Within today’s Quality Management Systems, ‘Continuous Improvement’ is one of the most important principles, especially within the ISO 9001:2015 Quality Management System.
It plays an important part in keeping the organisation competitive, and must be a permanent objective within the organisation.
In reality, history shows that many organisations go out of business simply because they are not able to improve as quickly as their competitors!
So, what is Continuous Improvement? It is defined as “a recurring activity to increase the ability to fulfil requirements.”
Within ISO 9001:2015, its focus is on increasing the ability to fulfil quality requirements. Improvement activities are similar to problem solving activities. The big difference is that improvement activities are planned and usually organised as part of a larger program, whereas problem solving is usually more reactive and unplanned.
WHAT DRIVES CONTINUAL IMPROVEMENT?
Continual improvement is driven by the objectives set by the Senior Management Team.
As a minimum, quality objectives should address:
- The improvement of internal efficiency
- Individual customer requirements
- The level of performance that your market sector expects
There is no requirement that the organisation should set objectives for improvement of all its processes at any one time. It would be unrealistic to expect an organisation to make progress in all potential improvements simultaneously.
Each improvement will require the commitment of resources, which should be prioritised by top management, especially if investment is required.
HOW DO YOU IDENTIFY SOURCES OF IMPROVEMENT OPPORTUNITIES?
Inputs for improvement opportunities are obtained from the following sources:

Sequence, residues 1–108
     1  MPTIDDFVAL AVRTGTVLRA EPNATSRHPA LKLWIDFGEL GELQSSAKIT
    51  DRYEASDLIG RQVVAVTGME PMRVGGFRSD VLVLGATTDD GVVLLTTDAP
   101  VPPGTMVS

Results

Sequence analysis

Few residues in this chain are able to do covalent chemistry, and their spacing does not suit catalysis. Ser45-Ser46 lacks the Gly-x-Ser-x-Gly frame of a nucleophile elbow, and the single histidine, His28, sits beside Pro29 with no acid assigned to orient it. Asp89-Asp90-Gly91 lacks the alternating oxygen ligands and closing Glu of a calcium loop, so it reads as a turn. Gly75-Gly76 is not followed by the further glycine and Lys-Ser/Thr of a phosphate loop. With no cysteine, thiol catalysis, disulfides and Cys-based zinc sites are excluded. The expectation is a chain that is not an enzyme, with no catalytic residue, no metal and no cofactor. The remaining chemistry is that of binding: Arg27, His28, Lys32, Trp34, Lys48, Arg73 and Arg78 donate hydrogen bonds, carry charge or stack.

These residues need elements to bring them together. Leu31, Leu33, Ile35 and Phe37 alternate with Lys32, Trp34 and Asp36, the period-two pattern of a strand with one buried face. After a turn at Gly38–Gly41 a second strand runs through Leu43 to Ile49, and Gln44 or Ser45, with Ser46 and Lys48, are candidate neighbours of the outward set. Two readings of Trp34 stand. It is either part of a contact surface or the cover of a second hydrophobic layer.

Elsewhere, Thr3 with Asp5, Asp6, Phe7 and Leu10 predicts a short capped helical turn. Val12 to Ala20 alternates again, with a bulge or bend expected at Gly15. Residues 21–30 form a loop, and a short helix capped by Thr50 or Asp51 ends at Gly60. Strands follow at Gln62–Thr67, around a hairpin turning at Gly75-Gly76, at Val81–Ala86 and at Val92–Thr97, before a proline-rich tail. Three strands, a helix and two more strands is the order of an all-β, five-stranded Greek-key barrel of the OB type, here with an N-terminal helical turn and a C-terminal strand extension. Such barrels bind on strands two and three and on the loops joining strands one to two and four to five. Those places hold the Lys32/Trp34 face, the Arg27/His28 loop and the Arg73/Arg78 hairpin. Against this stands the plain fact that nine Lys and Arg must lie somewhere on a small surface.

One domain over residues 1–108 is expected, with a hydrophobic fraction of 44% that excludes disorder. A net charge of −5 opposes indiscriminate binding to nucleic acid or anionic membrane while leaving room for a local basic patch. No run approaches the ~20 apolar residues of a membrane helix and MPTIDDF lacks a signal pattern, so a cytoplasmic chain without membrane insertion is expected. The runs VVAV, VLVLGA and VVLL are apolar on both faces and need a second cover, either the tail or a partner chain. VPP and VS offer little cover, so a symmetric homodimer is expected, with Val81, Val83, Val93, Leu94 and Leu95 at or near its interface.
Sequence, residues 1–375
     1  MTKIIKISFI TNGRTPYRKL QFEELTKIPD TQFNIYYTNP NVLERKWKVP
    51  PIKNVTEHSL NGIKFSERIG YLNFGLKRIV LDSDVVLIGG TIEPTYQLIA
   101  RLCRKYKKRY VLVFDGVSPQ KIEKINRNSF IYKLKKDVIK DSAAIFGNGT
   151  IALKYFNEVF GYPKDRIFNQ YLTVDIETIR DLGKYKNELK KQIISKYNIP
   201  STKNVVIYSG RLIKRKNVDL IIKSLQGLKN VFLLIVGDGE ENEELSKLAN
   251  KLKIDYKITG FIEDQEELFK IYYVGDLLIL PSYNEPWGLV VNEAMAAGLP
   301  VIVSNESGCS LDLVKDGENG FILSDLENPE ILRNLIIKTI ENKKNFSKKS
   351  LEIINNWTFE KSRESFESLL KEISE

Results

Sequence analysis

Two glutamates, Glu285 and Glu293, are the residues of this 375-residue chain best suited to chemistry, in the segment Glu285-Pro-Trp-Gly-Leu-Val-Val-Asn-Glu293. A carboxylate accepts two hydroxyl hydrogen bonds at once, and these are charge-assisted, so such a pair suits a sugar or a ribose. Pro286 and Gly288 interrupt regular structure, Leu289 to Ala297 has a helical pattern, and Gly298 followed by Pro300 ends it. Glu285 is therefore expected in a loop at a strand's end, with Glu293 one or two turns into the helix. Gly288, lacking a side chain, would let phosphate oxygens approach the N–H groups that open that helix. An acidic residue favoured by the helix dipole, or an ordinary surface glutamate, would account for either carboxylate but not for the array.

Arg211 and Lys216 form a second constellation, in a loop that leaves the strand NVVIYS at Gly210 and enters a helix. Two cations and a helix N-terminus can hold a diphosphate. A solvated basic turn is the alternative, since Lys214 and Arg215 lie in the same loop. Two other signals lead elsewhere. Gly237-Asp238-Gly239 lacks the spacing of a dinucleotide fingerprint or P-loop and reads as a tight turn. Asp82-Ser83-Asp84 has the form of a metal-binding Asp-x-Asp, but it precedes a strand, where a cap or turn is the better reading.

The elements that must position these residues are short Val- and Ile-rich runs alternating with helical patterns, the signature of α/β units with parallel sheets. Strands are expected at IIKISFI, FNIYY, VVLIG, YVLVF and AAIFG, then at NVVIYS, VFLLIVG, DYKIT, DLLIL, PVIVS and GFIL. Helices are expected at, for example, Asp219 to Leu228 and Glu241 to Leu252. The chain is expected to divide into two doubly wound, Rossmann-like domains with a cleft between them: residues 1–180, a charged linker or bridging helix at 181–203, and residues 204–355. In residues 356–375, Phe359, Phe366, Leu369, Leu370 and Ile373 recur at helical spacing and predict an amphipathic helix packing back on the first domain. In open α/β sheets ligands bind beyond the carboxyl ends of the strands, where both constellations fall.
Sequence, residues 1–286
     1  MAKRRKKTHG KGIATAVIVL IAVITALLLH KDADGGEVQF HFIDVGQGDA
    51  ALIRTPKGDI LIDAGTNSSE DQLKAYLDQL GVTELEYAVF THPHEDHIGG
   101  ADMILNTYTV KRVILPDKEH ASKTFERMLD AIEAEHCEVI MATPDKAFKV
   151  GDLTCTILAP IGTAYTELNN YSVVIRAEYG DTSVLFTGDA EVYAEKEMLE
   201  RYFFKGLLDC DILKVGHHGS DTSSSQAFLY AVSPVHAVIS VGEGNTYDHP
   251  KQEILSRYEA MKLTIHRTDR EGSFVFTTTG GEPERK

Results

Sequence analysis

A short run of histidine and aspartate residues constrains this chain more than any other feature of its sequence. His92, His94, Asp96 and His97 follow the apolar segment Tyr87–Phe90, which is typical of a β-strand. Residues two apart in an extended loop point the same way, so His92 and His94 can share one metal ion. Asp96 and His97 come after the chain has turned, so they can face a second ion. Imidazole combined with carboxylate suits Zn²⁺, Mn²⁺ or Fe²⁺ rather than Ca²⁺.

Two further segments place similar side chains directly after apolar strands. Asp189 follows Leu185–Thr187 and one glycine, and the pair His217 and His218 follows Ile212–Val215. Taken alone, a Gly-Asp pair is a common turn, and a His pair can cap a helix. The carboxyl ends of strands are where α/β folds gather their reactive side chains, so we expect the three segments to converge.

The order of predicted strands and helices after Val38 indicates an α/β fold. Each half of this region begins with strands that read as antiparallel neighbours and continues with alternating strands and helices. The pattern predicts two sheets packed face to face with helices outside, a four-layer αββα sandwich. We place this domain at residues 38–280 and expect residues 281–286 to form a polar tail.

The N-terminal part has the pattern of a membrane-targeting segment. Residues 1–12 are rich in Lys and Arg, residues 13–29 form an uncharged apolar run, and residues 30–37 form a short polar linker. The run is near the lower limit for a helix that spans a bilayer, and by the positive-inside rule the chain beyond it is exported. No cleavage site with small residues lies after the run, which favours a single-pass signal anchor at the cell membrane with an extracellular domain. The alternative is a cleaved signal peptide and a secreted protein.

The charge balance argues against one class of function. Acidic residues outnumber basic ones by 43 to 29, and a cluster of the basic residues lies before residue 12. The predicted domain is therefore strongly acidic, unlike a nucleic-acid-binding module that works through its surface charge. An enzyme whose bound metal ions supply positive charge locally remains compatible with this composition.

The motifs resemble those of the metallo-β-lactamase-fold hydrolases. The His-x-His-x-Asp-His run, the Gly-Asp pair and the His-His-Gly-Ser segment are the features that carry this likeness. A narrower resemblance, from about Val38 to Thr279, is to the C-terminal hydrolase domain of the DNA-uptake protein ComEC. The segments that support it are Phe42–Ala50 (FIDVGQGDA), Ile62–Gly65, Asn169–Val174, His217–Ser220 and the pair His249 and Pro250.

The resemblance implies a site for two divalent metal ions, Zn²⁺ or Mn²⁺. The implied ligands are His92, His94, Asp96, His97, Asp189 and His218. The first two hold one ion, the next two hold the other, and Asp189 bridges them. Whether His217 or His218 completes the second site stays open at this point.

- Customer satisfaction
- Customer complaints and feedback
- Market research and analysis
- Inputs from employees, suppliers, and other interested parties
- Internal and external audits of the quality system
- Records of product or process non-conformances
- Data from process and product characteristics and their trends
Opportunities for improvement may also be identified on a special project basis. The following are examples of such projects:
- Non-value-added use of floor space
- Excessive inspection/testing
- Excessive handling and storage
- Excessive failures and costs to quality
- Machine set-up changeover times
The majority of organisations with a Quality Management System use some form of the PDCA cycle.
P – Plan
- Resolve a problem: define, analyse, and identify root cause
- Improve a process: change to create improvement
D – Do
- Resolve a problem: devise a solution
- Improve a process: encourage changes on a small scale to induce improvement
C – Check (Monitor)
- Resolve a problem: confirm outcome and identify deviations and issues
- Improve a process: investigate selected processes to verify if changes are working
A – Act
- Resolve a problem: standardise solution, review and define next issue
- Improve a process: to secure the greatest benefit from change
The PDCA cycle is a repetitive four-stage model used in business for the control and continual improvement of processes and products. The PDCA model is also known as the Deming circle/ cycle/ wheel. The Deming cycle, or PDCA Cycle consists of a logical sequence of the following four repetitive steps for continuous improvement and learning: Plan – Do – Check (Monitor) – Act.